As the cases of coronavirus exponentially grow, scientists are starting to gather more data about which populations it’s affecting the most. While technically the virus can affect anyone, at any time, new data shows that Black people have been most affected.
A new report from ProPublica concludes that, as COVID-19 spread, it spiked in Black communities in various cities across the country.
What’s more, chronic conditions like asthma, heart disease, hypertension and diabetes that exist in higher numbers in Black populations mean Black people are especially vulnerable to the virus’ more serious complications.
In Milwaukee, Wisconsin, for example, being Black already means your life expectancy is 14 years shorter, on average, than being white. Half of Milwaukee County’s 945 cases of COVID-19 reported as of Friday morning (April 3) and 81 percent of its 27 deaths were African American. The county’s population is only 26 percent Black.
In Michigan, a state where the population is 14 percent Black, African Americans have made up 35 percent of coronavirus cases and 40 percent of deaths as of Friday morning.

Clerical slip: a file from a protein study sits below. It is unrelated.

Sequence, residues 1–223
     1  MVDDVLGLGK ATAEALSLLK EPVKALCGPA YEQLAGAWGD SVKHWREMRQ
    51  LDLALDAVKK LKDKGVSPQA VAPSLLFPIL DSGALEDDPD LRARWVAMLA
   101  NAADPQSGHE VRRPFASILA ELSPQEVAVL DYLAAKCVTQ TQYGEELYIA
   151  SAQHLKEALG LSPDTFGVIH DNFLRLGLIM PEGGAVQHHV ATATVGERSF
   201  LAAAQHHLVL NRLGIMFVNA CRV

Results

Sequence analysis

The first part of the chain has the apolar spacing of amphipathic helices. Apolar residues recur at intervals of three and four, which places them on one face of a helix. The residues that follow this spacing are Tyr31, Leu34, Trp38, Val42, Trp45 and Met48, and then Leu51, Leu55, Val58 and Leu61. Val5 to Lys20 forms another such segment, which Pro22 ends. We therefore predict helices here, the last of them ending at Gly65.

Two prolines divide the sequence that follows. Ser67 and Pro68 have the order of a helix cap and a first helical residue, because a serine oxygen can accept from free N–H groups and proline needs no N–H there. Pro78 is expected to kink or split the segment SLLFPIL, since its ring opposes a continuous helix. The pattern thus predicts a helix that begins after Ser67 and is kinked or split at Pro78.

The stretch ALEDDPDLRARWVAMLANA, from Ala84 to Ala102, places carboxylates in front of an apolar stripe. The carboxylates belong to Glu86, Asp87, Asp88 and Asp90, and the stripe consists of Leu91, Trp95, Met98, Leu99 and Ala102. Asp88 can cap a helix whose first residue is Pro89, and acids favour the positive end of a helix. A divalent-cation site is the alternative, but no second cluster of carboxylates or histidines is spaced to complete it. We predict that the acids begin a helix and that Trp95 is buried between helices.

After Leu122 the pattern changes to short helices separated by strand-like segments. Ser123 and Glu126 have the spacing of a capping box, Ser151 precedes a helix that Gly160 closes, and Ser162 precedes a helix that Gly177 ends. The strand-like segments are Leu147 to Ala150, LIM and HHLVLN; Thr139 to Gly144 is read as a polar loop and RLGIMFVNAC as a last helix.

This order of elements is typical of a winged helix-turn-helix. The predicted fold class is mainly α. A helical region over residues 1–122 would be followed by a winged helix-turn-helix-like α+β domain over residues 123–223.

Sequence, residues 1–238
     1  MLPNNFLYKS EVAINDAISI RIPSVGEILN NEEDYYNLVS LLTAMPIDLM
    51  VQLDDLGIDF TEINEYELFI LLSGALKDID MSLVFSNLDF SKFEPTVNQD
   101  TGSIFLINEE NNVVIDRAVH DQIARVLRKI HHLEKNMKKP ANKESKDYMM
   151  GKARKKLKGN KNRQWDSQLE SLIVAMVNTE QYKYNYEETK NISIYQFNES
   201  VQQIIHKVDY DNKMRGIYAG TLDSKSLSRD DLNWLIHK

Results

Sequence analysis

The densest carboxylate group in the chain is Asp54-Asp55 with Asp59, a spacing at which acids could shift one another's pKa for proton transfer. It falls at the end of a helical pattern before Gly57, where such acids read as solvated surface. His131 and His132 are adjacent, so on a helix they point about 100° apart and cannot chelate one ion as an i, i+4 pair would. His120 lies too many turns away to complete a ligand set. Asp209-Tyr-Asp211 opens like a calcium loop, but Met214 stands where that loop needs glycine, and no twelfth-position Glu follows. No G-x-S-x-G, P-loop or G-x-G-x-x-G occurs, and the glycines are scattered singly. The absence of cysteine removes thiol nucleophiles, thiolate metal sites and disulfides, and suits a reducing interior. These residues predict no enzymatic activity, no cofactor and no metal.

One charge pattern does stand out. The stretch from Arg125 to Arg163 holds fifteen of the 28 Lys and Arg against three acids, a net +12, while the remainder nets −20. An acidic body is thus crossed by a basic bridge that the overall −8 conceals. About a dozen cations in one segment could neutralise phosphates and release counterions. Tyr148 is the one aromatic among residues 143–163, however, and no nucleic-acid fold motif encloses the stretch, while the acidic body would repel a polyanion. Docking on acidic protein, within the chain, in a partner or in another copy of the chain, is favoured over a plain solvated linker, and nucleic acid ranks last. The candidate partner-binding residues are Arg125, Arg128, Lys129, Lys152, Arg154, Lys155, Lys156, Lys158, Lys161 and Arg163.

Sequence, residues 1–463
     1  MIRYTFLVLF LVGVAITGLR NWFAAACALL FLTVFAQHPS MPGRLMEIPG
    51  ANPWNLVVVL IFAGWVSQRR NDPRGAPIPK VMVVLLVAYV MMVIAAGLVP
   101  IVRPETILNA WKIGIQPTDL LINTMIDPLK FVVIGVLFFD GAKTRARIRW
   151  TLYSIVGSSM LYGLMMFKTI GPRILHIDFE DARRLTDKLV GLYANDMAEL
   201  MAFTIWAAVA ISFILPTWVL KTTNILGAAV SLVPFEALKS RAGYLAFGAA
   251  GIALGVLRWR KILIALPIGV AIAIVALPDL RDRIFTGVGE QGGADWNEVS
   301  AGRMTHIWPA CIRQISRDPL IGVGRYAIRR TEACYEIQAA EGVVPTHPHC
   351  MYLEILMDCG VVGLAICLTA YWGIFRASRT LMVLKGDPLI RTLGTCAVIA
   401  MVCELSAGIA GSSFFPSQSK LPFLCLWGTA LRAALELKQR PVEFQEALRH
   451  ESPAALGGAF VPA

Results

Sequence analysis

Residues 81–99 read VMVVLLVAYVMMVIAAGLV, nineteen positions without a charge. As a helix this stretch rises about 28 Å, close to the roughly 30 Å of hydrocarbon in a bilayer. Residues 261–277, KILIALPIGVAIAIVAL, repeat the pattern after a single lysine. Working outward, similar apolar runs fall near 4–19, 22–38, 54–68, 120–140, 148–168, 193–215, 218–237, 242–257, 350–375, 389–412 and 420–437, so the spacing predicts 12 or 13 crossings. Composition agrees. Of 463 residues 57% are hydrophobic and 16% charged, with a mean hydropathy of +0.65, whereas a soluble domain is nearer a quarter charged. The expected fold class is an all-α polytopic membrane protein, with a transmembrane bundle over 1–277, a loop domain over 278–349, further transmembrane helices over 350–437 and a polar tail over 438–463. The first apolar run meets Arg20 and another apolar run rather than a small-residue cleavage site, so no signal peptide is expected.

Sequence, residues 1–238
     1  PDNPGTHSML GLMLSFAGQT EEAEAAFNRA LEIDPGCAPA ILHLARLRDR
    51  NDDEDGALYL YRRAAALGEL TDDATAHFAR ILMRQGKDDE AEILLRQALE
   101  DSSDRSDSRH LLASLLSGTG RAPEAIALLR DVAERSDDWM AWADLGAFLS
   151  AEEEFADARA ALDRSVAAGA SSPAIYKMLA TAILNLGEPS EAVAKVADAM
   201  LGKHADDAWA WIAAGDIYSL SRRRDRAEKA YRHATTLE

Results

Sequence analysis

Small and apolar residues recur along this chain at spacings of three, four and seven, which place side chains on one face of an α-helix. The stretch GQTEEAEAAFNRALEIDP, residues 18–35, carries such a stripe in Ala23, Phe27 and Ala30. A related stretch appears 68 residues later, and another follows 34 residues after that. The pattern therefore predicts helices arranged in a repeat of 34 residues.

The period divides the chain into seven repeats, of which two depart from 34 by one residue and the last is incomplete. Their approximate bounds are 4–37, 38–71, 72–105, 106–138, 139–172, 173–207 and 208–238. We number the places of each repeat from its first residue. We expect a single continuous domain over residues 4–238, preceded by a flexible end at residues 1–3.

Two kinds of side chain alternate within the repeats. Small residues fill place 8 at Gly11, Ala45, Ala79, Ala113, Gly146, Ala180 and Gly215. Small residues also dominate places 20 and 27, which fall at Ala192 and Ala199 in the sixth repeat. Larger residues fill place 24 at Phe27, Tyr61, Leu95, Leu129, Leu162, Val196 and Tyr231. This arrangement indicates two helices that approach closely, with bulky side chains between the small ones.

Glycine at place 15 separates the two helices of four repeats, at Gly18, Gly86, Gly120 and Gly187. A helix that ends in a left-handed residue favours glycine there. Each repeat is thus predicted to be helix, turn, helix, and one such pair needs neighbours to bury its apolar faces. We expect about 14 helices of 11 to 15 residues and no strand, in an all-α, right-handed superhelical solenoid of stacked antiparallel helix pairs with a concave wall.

ProPublica also points out that Illinois and North Carolina reveal that their data shows a disproportionate number of African Americans have been infected. Some states, like Louisiana, have not presented racial data related to COVID-19 cases and deaths.
“It will be unimaginable pretty soon,” Dr. Celia J. Maxwell, an infectious disease physician and associate dean at Howard University College of Medicine, said. “And anything that comes around is going to be worse in our patients. Period. Many of our patients have so many problems, but this is kind of like the nail in the coffin.”
Regarding the coronavirus pandemic, the U.S. Centers for Disease Control and Prevention tracks age, location of people affected and race, however while location and age data have been released, the agency has been silent about race.
Experts say that the nation’s reluctance to publicly track the virus by race doesn’t change a stark reality: a disproportionate number of those who die of coronavirus will be Black.
“COVID is just unmasking the deep disinvestment in our communities, the historical injustices and the impact of residential segregation,” Dr. Camara Jones, a family physician, epidemiologist and visiting fellow at Harvard University who spent 13 years at the CDC focusing on identifying, measuring and addressing racial bias within the medical system, said. “This is the time to name racism as the cause of all of those things. The overrepresentation of people of color in poverty and white people in wealth is not just a happenstance. … It’s because we’re not valued.”
Read the full ProPublica article here.